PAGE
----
If a proposed agency action is not one that ordinarily would require an EIS, but nevertheless is not exempted from environmental review, the agency must prepare an EA. Id. § 1501.4(b). That EA is intended to serve as the foundation upon which the agency will make its determination about whether it is necessary to prepare an EIS. Id. § 1501.4(c). While an EA is not as extensive as an EIS, it nonetheless must include “discussion[ ] ․ of the environmental impacts of the proposed action and alternatives.” Id. § 1508.9(b).
B. The Coast Guard's Supplemental Procedures.
The CEQ regulations are not meant to stand alone but, rather, contemplate that the agencies to which they apply adopt supplemental procedures, if and as needed. Id. § 1507.3(a). The Coast Guard has adopted such supplemental procedures and codified them in Commandant Instruction M16475.1D (Nov. 29, 2000). These supplemental procedures describe thirty-five categorical exclusions (CEs). COMDTINST M16475.1D, fig. 2–1. This compendium includes CEs that cover “[r]egulations establishing, disestablishing, or changing Regulated Navigation Areas and security or safety zones” and “[r]egulations in aid of navigation.” Id. fig. 2–1, ¶ 34(g), (i). When promulgating the 2007 Rule, the Coast Guard asserted the applicability of both of these exclusions. 72 Fed.Reg. at 50,058. The Commonwealth does not dispute that the Coast Guard's proposed action fell within the compass of these CEs. But the applicability of a CE does not automatically relieve an agency of the obligation to prepare either an EIS or an EA.
The CEQ regulations recognize that even agency actions that are of a kind typically excluded from NEPA review by the operation of a CE “may have a significant environmental effect.” 40 C.F.R. § 1508.4. In response to that concern, the Coast Guard, like many other agencies, has enumerated in its supplemental procedures various considerations to guide its assessment of whether a particular action, though nominally covered by a CE, involves “extraordinary circumstances” and, thus, requires the preparation of either an EIS or an EA. COMDTINST M16475.1D, ch. 2, § B.2.b. In effect, this constitutes a list of exceptions to the exclusions.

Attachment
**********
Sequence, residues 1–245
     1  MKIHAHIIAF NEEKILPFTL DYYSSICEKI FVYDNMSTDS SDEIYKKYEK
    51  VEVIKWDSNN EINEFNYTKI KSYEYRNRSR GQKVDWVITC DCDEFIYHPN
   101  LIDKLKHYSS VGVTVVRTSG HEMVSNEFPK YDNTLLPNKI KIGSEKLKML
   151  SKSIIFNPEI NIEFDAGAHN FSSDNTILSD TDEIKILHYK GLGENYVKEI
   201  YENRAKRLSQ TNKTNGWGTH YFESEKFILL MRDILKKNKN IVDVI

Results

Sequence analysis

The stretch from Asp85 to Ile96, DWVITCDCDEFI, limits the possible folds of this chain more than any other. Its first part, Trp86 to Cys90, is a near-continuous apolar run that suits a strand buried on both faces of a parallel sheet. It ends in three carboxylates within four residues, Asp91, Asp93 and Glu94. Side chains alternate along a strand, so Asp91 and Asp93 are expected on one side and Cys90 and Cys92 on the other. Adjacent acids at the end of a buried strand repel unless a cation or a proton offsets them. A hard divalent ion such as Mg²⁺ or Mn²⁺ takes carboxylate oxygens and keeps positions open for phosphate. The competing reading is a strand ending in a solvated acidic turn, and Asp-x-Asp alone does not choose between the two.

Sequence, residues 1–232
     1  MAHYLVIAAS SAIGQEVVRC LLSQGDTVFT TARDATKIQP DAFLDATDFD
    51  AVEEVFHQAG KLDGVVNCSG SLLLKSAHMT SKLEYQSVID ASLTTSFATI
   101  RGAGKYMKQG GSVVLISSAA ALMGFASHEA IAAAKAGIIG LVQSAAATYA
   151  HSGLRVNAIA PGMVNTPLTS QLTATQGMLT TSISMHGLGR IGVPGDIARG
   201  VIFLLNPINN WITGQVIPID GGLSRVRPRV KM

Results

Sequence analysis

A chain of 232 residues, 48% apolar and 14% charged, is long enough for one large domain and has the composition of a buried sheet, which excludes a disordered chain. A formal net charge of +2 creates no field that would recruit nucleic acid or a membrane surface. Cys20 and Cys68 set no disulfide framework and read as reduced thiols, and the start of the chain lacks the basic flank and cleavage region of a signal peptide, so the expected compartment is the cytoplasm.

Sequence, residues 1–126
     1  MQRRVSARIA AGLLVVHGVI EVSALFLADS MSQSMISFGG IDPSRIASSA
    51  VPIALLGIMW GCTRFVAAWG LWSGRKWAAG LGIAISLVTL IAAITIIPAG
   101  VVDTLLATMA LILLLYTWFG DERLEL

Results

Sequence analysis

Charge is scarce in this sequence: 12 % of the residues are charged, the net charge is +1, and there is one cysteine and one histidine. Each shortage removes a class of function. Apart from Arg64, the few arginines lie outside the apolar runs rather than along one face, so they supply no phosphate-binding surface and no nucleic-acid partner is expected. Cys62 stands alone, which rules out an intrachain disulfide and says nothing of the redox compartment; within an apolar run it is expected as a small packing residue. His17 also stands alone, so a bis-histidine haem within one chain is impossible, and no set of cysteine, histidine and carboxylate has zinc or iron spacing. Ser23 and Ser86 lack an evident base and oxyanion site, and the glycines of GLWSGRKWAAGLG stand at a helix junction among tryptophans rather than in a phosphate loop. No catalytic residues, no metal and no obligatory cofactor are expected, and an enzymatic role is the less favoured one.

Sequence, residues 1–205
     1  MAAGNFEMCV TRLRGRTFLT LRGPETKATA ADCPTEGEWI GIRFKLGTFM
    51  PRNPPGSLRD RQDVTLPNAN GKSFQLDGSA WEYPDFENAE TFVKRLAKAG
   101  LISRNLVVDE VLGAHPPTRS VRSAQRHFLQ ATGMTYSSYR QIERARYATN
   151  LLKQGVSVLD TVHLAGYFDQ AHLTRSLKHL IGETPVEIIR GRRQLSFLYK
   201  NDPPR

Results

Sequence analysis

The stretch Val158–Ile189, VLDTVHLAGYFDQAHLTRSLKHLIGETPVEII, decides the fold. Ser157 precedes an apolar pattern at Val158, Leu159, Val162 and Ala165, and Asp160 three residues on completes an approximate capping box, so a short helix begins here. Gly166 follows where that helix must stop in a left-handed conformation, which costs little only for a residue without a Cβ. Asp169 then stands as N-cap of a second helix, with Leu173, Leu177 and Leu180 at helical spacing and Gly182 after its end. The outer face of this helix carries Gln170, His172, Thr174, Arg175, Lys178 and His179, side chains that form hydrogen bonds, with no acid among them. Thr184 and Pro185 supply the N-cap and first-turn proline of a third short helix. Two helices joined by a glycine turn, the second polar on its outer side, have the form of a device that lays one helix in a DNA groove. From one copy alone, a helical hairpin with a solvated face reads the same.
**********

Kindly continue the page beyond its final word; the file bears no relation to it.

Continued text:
The Coast Guard has identified ten extraordinary circumstances exceptions which, if applicable, may trump a CE and require it to prepare an EIS or an EA. Id. By the same token, the Coast Guard may not rely upon a CE if its proposed action triggers any of the extraordinary circumstances exceptions limned in an incorporated Department of Transportation (DOT) order. Id. The incorporated order requires the preparation of an EIS or an EA for agency actions that are likely to involve any of four additional, albeit overlapping, extraordinary circumstances. Id. encl. 1 (DOT 5610.1C), § 20.b.(2).
The Coast Guard attempts to put a new gloss on the extraordinary circumstances described in its NEPA procedures. It claims the right to do so in consequence of its reassignment from the DOT to the Department of Homeland Security (DHS), which occurred in 2003. This reassignment, the Coast Guard implies, rendered its preexisting NEPA compliance procedures subject to creative interpretation (at least to the extent that they conflict with the DHS's own regulations).3 Under the guise of this creative interpretation, the Coast Guard rips out the heart of its own exceptions.
The Coast Guard cites very little authority for this partial repudiation of its clearly delineated extraordinary circumstances exceptions. In taking this position, it cites cases such as Auer v. Robbins, 519 U.S. 452, 461, 117 S.Ct. 905, 137 L.Ed.2d 79 (1997), and claims that it has the authority to interpret its own supplemental procedures. The existence of that power is undeniable, but it cannot be wielded to read a provision in a manner that is utterly contrary to its plain language. Id. (explaining that an agency's interpretation of its own regulations is controlling unless “plainly erroneous or inconsistent with the regulation” (quoting Robertson, 490 U.S. at 359, 109 S.Ct. 1835)). For purposes of this case, the Coast Guard attempts to nullify plainly stated provisions of its own longstanding NEPA procedures—and judicial deference to agency interpretations cannot be stretched so far.4
In its March 2006 notice of proposed rulemaking, the Coast Guard explicitly cited Commandant Instruction M16475.1D—its own set of procedures, which incorporate the DOT order. It described this matrix as the document that would “guide[ ] the Coast Guard in complying with the [NEPA].” 71 Fed.Reg. 15,649, 15,654 (Mar. 29, 2006). In August of 2007, the Coast Guard reiterated this point when it published the final rule. 72 Fed.Reg. at 50,058. In neither of these notices did the Coast Guard identify any other instructions as applicable to its NEPA compliance. Neither the DHS's regulations nor the Coast Guard's newly minted interpretation of its own procedures were ever mentioned.
No incongruity inheres in the Coast Guard's continued use of the incorporated DOT order. Under the CEQ regulations, nothing prevents one agency from incorporating into its supplemental NEPA procedures guidance borrowed from another agency. See 40 C.F.R. § 1507.3. And in any event, even if the incorporated DOT order were somehow set aside, the Coast Guard's professed interpretation of its own procedures itself defies logic and exceeds the bounds of reasonable agency interpretations entitled to deference.